Looking specifically at CHIEF, Wright suggests that with any old system, there is an element of life support and then there’s an element of ‘what do we need to do for the future?’

“And when you think about what you need to do for the future, it’s very hard to transform a 25 year old system. Very hard, especially when 25 years ago, we were talking about relational in a different way than we are today. So you have to think about that. And the challenge would be, “I want to be quick and innovative as it relates to the customs stuff. How do I do that and interact it with the legacy system?’ That would be the bigger challenge, right? You don’t want an old way of working at the front end. You want a new way of working. So can that new way of working interact very quickly to a legacy, kind of putting lipstick on a pig? The question would be, can you do that? I would say that would be the bigger challenge. If you were trying to put new ways of working, new technologies to be able to interact with the old, that would be a bigger challenge than anything else. That’s because you’re not going to re-architect. You don’t have time to re-architect.”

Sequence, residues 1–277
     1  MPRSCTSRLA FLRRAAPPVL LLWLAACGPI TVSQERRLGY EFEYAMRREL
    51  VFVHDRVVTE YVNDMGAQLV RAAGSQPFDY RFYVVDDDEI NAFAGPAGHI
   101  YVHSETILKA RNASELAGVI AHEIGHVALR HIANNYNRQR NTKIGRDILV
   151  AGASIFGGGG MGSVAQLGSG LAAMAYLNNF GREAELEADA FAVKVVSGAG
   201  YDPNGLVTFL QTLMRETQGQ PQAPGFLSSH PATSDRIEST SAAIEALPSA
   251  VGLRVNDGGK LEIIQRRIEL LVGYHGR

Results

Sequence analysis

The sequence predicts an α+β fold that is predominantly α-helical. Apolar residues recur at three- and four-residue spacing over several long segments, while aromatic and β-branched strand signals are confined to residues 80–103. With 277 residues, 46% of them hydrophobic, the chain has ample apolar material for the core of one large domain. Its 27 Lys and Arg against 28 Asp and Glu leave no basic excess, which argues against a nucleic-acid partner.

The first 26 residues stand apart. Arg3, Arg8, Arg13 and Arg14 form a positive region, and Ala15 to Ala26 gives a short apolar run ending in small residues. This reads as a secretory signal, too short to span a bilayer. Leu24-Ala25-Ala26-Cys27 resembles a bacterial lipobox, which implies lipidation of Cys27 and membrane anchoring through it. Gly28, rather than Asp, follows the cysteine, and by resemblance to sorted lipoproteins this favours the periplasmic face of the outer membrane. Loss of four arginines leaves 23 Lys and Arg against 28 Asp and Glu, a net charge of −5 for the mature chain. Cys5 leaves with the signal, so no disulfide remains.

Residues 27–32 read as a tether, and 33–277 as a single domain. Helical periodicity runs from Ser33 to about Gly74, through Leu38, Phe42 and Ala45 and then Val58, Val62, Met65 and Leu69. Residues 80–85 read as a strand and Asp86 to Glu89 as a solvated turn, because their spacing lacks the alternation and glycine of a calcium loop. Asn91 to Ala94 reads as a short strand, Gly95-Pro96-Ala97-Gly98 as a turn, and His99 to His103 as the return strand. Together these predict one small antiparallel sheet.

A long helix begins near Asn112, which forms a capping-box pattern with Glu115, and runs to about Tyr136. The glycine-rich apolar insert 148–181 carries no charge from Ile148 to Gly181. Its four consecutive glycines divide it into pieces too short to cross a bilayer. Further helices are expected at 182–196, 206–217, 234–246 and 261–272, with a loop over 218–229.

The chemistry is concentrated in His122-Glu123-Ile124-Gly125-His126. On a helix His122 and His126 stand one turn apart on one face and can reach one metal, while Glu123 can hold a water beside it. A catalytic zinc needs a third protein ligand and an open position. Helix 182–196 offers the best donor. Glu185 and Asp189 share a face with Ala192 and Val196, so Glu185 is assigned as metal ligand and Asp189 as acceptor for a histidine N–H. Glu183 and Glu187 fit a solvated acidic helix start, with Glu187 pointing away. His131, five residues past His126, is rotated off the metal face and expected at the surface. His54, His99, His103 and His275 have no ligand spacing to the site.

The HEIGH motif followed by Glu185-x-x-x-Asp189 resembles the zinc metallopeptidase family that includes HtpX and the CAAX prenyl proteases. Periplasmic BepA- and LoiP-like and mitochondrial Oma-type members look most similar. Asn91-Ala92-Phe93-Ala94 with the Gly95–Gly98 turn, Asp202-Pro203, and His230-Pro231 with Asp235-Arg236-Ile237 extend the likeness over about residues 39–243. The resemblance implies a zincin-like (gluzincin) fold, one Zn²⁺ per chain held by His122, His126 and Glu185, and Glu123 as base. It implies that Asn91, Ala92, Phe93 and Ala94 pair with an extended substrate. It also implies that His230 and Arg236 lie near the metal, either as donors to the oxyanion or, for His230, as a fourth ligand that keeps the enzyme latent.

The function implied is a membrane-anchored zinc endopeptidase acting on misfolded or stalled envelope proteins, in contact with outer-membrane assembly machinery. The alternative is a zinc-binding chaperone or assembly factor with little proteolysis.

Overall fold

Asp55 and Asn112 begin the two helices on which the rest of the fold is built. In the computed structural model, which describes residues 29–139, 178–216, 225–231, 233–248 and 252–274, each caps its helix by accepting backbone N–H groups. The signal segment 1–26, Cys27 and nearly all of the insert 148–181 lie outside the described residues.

A key strategy for HMRC going forwards, Wright says, will be taking advantage of robotics.

“Robotics is a good strategy for anyone, and for HMRC in particular. Robotics is that stop-gap, that build-that-bridge to be able to handle (things) while you’re going to ‘new’, wherever it is you’re going. And I think that strategy alone has helped us bridge a lot of the old systems to some of the new digital things that we want to do. For the new, you want to be able to do a lot more machine learning, cognitive stuff, because of the nature of the business that we’re in. It’s all about customers. How do you build that intelligence, the artificial intelligence (AI) and machine learning (ML) that you want? That’s where we want to focus. So yes, the stop-gap has been on the robotics side.”